This is my home-game entry for The Real LJ Idol. I am not competing this season but invite you to read the many fine submissions here. Topic number 13 is just like last week, a revisitation of Throwback Week, with several available topics. Once more, it's also Intersection Week, meaning we're supposed to work with another contestant, each choosing a different topic (and neither repeating topics they've already used), with the entries linking as much or as little as you like. I paired up with another home-game player.
I chose the theme "Moments of Devastating Beauty"
Wisconsin Death Trip by Michael Lesy
Once, I fell in love with a photograph. For hours, I'd stare into his dark eyes, this man who had been dead for decades. And yet, time and again, I'd turn the dog-eared pages until I found his face, as placid and perfect as when the photograph had been taken more than a hundred years ago.
Strictly speaking, the book was my mom's, but I picked it casually off the living room shelf to read it and soon added it to my bedroom shelf. Later, it moved with me to a new life, boxed with books I could legitimately call my own. Wisconsin Death Trip by Michael Lesy (Pantheon Books, 1973) is a fascinating compilation of photographs and newspaper blurbs from approximately 1890-1910. The photographs come from the collection of Charles Van Schaick, who left behind 30,000 images that captured the turn-of-the-century life of Black River Falls, Jackson County, Wisconsin.
In addition to competent portraits of families, individuals, and couples, there are also eerie photos of babies in their coffins (the only portraits their families would have) and of people who looked mentally disturbed. The local newspaper blurbs are striking, too, because they noted things we would never note today, such as suicides, or people being institutionalized.
But what intrigued me more than wild eyes or tragic infants was one photo of a young man in a black turtleneck. Like the other photos in the collection, he was unidentified: just a pale face rising above a sable sweater. He always seemed to me to be outside of time.
A time traveler or a gentleman farmer?
He looked like he could be from any age, and I often pondered his identity and his fate. A gentleman farmer? A college student, sitting for his first official portrait? A time traveler, perhaps?
How long did he live after this picture was taken? Did he marry? Did he have children? Did he pedal his Victorian time machine and head for distant lands? Could I have known him in a past life?
Obsessed, I sketched him in cartoon style.
I did a more realistic sketch of just his face, trying to capture the detail.
I even wrote him a poem, in the cryptic, grand style of adolescence.
His dead eyes held mine
with desperate isolation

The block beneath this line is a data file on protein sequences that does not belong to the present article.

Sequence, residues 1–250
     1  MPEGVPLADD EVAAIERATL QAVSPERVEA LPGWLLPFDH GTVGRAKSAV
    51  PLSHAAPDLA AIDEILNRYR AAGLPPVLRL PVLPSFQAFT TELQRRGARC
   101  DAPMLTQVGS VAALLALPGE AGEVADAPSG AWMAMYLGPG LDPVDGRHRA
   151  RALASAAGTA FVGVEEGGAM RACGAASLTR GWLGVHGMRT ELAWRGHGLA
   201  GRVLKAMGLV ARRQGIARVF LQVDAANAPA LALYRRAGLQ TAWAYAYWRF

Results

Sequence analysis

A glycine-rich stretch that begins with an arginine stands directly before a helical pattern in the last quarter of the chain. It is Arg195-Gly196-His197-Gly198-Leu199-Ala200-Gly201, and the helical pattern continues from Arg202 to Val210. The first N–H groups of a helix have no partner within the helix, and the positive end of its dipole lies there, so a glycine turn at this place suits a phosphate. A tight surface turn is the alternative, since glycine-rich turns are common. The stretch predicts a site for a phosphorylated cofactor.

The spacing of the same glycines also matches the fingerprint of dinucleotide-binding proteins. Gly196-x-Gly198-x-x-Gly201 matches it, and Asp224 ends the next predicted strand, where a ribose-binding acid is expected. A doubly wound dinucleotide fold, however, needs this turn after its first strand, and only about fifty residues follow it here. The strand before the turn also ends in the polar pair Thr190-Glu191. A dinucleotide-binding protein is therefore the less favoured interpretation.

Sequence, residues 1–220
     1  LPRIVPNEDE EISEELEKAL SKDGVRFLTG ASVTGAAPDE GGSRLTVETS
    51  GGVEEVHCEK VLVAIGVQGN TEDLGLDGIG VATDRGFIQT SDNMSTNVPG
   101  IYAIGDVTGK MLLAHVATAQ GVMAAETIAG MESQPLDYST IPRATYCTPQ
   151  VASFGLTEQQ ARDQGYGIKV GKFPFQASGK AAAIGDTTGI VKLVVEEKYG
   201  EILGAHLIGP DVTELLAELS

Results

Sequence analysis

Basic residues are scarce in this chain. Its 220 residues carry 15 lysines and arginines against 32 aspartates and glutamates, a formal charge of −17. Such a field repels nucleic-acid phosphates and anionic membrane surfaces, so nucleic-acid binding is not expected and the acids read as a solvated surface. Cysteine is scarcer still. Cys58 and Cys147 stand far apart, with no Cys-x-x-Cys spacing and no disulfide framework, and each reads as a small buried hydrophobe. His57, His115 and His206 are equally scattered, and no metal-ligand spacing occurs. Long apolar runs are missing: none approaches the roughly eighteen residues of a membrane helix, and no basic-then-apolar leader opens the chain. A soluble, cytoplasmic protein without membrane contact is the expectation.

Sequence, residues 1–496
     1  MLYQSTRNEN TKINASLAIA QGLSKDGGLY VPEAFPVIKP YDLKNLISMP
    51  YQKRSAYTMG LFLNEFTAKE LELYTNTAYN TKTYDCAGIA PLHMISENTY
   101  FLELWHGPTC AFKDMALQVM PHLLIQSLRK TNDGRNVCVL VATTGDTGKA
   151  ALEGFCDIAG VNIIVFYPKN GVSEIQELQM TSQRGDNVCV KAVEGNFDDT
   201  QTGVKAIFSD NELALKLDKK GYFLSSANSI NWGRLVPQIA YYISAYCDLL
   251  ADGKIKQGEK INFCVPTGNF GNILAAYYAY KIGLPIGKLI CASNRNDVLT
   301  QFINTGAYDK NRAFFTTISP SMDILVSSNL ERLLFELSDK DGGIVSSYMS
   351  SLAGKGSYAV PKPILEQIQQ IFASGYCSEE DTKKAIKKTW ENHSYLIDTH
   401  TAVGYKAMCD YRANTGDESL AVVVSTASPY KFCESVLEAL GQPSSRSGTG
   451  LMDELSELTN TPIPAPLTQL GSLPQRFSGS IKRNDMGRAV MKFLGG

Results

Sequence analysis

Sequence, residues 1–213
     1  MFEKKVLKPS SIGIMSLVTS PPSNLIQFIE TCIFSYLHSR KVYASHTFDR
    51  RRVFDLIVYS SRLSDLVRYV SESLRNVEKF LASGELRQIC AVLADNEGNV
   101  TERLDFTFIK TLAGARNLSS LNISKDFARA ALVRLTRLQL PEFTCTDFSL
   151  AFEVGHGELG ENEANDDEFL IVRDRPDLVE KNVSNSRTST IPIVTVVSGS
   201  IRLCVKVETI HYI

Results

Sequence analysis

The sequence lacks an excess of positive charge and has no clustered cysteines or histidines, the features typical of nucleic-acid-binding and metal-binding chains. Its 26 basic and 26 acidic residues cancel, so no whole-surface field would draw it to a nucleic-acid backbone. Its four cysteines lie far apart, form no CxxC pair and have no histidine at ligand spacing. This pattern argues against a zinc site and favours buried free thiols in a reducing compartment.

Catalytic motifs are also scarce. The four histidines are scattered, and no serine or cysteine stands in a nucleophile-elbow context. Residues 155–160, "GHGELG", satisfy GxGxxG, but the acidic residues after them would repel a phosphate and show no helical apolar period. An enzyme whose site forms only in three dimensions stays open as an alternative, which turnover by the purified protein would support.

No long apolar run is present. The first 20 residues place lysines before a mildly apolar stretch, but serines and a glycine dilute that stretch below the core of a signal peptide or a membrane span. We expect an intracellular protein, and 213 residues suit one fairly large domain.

and his slightly vented lips
spoke silently of longing,
his face a partly-shadow glow
rising above sable sweater
Behind him a charcoal wall
and a blurred garden window,
a bulge softened by a drape
and a substantial shadow;
all texture in
an already fascination
The formal hat held
with long, white fingers
rested rakishly on his leg
and one wrinkled boot
lifted from the floor,
brightened in afterglow
Dark hair misted his head
in sunlightened order
and sprinkled his face
with a thin shadow
From my olden self,
which lies mysterious and
deep under all history,
like an ancient book reopened,
and fervency glittered
with the blinding aura
that infiltrates children's dreams
Many hours ago
white hands touched me,
soft lips brushed my hair,
the scent of faded summer
floated around me,
and I was lost forever
in two desperate mirrors of life
This book is an exercise in historical actuality, but it has only as much to do with history as the heat and spectrum of the light that makes it visible, or the retina and optical nerve of your eye. It is as much as exercise of history as it is an experiment in alchemy. Its primary intention is to make you experience the pages now before you as a flexible mirror that if turned one way can reflect the odor of the air that surrounded me as I wrote this; if turned another, can project your anticipations of next Monday; if turned again, can transmit the sound of breathing in the deep winter air of a room of eighty years ago, and if turned once again, this time backward on itself, can fuse all three images, and so you can focus who I once was, what you might yet be, and what may have happened, all upon a single point of your imagination, and transform them like light focused by a lens on paper, from a lower form of energy to a higher.
Photographs are the next best thing to a time machine.